The Education of Jews

The age of twelve was a critical age for a Jewish boy, the age when a boy in whatever rank was obliged, by the injunction of the Rabbis and the custom of his nation, to learn a trade for his own support. At twelve, he was so far emancipated from parental authority that his parents could no longer sell him as a slave. He became a ben hat-torah or son of the law. Up to this age he was called katon or little; henceforth he was gadol or grown up. and was treated more than a man. He could now wear the tephillin or phylacteries and was presented by his father in the synagogue on a Sabbath, which was called from this circumstance the shabbath tephillin. At five he was to study the scriptures, at 10 the Mishna, at 13 the Talmud, at 18 he was to marry, at 20 to acquire riches, at thirty strength, at 40 prudence, and so on to the end.

The prominent Rabbis of the time did not seek out their own disciples. A student would search out a well known master who might accept him if he had been already on the road to being a perfect observer. Jesus did not wait for them to come to him, he went out and made his own disciples, and chose them from among the kind of people whom the Pharisees would have considered the least likely to succeed. While Jesus went out to the sinners, the outcasts, the sick and the socially and religiously ostracized, the Pharisees carefully avoided them. Nevertheless Mary and Joseph saw to it that Jesus was strictly instructed in the stern school of Shammai. Sitting on the floor of the synagogue, Jesus was taught from the beginning the Scriptures and the prophets of his own people. He must be taught His lessons, his manners, his skills.

At age 6, the Jewish boys went to school. The class would be held in the synagogue, or outside, if the weather was good. The children would either stand or sit on the floor. Reading and writing was taught first. The teaching was almost entirely scriptural, no math to speak of no geography, no history save that of Israel, no science. For the first four or five years, they were taught the Torah, the five books of Moses. The Old Testament is convinced that beating is good for the boys. The teacher was to strictly fulfill all promises made to the child, to avoid bringing up disagreeable or indelicate thoughts, be patient, punish without excessive severity - with a strap, but never with a rod. The scriptures of the Old Testament formed the very staple of a boy's training in every genuine Israelitish family, learn them at five and continued to study until manhood, only adding to them the teaching of the scribes.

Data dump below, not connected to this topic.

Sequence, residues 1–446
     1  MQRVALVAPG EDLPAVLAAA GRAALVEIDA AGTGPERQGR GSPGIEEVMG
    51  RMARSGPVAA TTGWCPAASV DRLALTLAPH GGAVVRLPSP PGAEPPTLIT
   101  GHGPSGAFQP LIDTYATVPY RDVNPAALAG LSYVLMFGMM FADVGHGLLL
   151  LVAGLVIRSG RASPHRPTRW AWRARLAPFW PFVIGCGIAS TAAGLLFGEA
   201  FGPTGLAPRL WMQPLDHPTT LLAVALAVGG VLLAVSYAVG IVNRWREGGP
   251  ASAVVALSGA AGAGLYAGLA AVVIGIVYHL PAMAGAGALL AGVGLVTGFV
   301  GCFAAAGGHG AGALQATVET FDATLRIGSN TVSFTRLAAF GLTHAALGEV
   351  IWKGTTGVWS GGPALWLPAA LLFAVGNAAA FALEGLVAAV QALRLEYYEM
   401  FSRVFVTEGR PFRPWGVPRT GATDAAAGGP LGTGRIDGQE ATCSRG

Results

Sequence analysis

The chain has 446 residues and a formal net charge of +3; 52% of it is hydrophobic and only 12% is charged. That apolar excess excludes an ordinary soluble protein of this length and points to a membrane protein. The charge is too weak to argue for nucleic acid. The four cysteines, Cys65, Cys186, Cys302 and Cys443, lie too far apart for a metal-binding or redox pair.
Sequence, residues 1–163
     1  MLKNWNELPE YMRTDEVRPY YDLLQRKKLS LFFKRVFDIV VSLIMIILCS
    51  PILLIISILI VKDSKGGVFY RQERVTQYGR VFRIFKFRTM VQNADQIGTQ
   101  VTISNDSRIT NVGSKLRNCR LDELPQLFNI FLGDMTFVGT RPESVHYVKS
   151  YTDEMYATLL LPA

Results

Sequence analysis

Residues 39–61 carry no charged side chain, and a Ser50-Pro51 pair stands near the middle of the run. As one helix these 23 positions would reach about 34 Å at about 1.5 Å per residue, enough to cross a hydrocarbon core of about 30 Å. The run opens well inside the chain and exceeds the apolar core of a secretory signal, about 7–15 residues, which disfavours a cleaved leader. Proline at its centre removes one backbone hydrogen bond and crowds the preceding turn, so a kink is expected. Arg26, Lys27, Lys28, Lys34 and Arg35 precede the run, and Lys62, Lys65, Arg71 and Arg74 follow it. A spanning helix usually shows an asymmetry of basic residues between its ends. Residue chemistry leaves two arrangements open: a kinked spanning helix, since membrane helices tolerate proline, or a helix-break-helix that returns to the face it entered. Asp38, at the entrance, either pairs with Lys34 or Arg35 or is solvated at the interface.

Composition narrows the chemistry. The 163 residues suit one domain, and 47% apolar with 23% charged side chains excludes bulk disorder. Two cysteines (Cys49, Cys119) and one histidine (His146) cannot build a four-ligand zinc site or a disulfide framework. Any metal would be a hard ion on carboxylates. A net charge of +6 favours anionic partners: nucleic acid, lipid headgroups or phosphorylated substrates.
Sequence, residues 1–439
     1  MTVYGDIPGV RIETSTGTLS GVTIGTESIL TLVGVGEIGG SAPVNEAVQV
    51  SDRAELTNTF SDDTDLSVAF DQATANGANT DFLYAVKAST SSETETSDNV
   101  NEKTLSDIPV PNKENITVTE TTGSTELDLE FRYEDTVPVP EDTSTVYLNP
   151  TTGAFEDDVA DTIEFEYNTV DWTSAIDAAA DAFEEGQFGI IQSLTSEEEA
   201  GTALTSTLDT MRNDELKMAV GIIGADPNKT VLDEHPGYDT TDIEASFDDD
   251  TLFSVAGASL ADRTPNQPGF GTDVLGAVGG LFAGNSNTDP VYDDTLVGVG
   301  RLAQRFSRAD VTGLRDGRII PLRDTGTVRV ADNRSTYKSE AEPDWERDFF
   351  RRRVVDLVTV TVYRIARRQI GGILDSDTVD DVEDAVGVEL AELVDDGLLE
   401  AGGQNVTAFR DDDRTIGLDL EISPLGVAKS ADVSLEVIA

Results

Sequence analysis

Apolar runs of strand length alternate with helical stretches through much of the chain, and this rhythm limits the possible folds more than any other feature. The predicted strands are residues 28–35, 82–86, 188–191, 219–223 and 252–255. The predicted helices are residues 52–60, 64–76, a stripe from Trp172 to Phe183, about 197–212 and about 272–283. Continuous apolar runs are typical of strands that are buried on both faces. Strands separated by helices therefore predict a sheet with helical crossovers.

The boys of the villages liked to talk about deliverance of the nation from foreign tyranny. At heart they were all little revolutionists. Their games, like cowboys and Indians were of Zealots and Romans, patriots and tyrants. On the street corners, around fires in the fields, on the steps of the synagogue, peddler, shepherd, everybody talked of a king who was to come one day and free Israel by force of arms. They could hear every day of the crimes of government and Roman tyranny.

There exists a close relationship between teachers and pupils. A celebrated rabbi gathers pupils around him, who are introduced by him to the understanding of the Torah, who accompany him and are obliged to render him services. The story of Jesus questioning the scholars in the temple is not incredible, he had an alert and curious mind, and in the Near East a boy of twelve already touches maturity. Jesus probably did not have formal education. After the youth had learned the trade, he was received instruction in the local synagogue. Both boys and girls, in their earlier years were under the training of their mother, the daughters no doubt until their marriage. At the age of 5 years the boys were usually trained by their fathers, or if well to do by tutors.

Not only in reading and writing, but also in the law, its commandments and doctrines, and the deeds and revelations of Jehovah to his people. Gamaliel is said to have been the first who instituted schools for boys in cities. In later times the prophecies and comments on them, as well as on the earlier scriptures, together with other subjects, were studied. Parents were required to teach their children some trade. Moses - And thou shalt teach them diligently unto thy children.

All the Roman training was practical, and all of it was serious. Discipline was what made the difference between the Roman and any other man. "Obey the command, act as a Roman, and die to save Rome, our family, or your own honor." Nothing was studied because it was fun or just interesting. Philosophy and poetry were for the Greeks.
[309, 311, 325, 318, 330, 344, 345, 373, 15, 319, BD, Deuteronomy]



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